All You Need to Know about Designing a Windows 2000 Network

More than just the information required to pass a single exam.

All-in-One MCSE Windows 2000 Designing is an excellent study guide for the three MCSE 2000 design exams: Designing a Microsoft Windows 2000 Directory Services Infrastructure (70-219), Designing Security for a Microsoft Windows 2000 Network (70-220), and Designing a Microsoft Windows 2000 Network Infrastructure (70-221). The book is easy to read, very well illustrated with logical diagrams and screen shots of Windows 2000 GUI, and has relevant real-life scenarios using a hypothetical international construction company. In a nutshell, All-in-One MCSE Windows 2000 Designing is written to put the reader in the mindset demanded my Microsoft's new Win2K design exams.

[Note: Co-author Harry Brelsford is a columnist for MCP Magazine.—Editor]

The coverage of design topics in the book varies from analyzing business requirements (including risk management theory) to specific configuration and even registry settings within a Windows 2000 Server. Each chapter has several hands-on lab exercises, which allow the reader to implement concepts described in the book in a basic lab/production environment. The book also includes case studies that require the reader to come up with specific technical solutions based on both the covered material and the reader's judgment (a skill you'll need for the design exams!). The CD-ROM included with the book provides a set of practice exams and a LearnKey Video. The practice exams consist of multiple choice questions, which are useful to review the concepts. These practice tests are not relevant for the actual exams as MCSE Design exams are based on case studies and do not include multiple choice questions. The LearnKey Video on Active Directory is impressive, but very high-level for exam preparation purposes.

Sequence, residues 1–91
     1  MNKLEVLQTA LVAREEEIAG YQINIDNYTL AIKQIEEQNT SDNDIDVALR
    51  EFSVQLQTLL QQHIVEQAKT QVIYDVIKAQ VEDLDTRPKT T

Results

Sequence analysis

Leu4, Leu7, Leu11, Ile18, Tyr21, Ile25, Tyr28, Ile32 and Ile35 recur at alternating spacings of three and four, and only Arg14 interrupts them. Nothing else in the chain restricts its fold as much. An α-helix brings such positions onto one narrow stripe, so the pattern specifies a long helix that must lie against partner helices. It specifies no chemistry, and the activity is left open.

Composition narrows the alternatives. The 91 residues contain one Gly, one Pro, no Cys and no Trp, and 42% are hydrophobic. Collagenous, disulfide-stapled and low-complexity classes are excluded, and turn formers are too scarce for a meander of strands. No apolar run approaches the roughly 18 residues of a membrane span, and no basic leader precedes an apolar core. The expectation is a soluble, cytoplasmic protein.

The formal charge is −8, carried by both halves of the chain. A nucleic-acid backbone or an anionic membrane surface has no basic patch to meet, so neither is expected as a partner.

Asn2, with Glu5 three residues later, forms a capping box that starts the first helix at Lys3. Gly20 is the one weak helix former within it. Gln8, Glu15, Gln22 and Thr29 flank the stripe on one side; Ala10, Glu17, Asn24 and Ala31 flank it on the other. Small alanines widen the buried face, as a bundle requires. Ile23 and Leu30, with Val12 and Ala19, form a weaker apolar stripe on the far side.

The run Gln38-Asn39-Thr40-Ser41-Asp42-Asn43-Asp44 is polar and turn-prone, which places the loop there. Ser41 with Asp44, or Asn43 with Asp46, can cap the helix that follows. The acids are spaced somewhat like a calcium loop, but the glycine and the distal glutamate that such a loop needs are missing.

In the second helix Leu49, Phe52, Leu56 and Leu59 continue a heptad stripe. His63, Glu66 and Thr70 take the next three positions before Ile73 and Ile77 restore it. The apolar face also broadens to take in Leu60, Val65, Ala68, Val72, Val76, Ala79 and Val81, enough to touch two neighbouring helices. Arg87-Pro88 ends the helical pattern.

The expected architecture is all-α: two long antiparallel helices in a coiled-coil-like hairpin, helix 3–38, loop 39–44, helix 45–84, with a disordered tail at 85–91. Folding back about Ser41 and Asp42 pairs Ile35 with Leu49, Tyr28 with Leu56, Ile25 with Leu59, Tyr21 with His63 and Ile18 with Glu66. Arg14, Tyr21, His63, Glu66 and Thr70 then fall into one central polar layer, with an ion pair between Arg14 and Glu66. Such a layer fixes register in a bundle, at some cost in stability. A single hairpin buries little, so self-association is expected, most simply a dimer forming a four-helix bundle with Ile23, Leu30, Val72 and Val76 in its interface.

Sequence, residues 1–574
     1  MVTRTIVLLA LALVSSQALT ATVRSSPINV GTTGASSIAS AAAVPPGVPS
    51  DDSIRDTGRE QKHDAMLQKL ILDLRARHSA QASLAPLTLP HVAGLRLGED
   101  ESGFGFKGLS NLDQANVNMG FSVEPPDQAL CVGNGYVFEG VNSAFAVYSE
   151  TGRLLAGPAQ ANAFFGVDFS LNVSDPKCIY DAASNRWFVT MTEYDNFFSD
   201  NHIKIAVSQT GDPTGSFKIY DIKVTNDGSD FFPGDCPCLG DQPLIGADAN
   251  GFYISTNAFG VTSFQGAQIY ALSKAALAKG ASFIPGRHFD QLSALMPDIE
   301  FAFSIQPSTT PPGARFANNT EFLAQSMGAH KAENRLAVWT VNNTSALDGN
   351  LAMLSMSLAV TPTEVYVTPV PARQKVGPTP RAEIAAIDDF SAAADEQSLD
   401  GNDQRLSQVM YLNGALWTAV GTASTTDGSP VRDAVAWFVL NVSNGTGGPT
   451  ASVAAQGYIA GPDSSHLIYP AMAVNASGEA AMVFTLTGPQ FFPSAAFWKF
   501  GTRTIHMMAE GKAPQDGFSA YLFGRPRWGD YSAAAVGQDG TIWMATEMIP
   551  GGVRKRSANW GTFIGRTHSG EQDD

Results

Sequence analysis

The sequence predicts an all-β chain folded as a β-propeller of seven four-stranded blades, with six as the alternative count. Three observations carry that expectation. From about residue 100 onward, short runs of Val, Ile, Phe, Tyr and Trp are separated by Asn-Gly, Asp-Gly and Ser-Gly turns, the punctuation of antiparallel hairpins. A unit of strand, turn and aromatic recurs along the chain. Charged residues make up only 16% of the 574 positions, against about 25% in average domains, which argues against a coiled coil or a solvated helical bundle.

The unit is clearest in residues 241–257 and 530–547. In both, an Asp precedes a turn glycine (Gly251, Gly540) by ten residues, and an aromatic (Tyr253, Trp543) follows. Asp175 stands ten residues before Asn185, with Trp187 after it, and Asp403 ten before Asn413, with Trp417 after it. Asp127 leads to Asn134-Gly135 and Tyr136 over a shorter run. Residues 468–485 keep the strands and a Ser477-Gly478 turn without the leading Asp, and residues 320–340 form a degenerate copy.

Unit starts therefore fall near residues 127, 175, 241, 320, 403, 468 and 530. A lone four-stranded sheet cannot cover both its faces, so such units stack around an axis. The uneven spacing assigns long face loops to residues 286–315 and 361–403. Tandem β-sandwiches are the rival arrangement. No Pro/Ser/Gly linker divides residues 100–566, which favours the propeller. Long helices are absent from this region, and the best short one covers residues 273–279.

The biggest challenge the authors of the book faced was to decide whether the chicken or the egg came first. It is not until Chapter 14 (out of 21 chapters) that the book gets into explaining the basics of the TCP/IP protocol suite and its implementation within Windows 2000 (after all the network security topics have been covered). If the reader is new to the Microsoft Windows platform or networking, he may have to go straight to Part 3 of the book for necessary background. In general following the flow presented in the book, with Active Directory design concepts at first, network security concepts next, and network infrastructure design issues as a final step is a reasonable approach for a more experienced reader.

Overall, most of the information found in the book is relevant for the preparation for the Windows 2000 Design exams. You may, however, need to look elsewhere for a set of practice exams (all of which are known to be based on case studies) since the in-depth coverage of one company/network throughout the book may not be sufficient from the practice standpoint.

Finally, the biggest issue with the book is that only one design exam is required as part of the MCSE curriculum, and the candidate has the choice of four exams (one of them—Designing Highly Available Web Solutions with Microsoft Windows 2000 Server Technologies (70-226)—is not covered in the book). Regardless of the fact that an IT professional can find all of the information in the book useful, individual parts of the book aimed at each exam put the candidates at risk of not being adequately prepared for their target exams without reading chapters technically aimed at other exams. But if you want to learn about general Windows 2000 Active Directory and network design issues beyond passing a required exam, the book is right for you.

About the Author

Greg Saoutine, MCSE, is an IT Consultant working in New York City.


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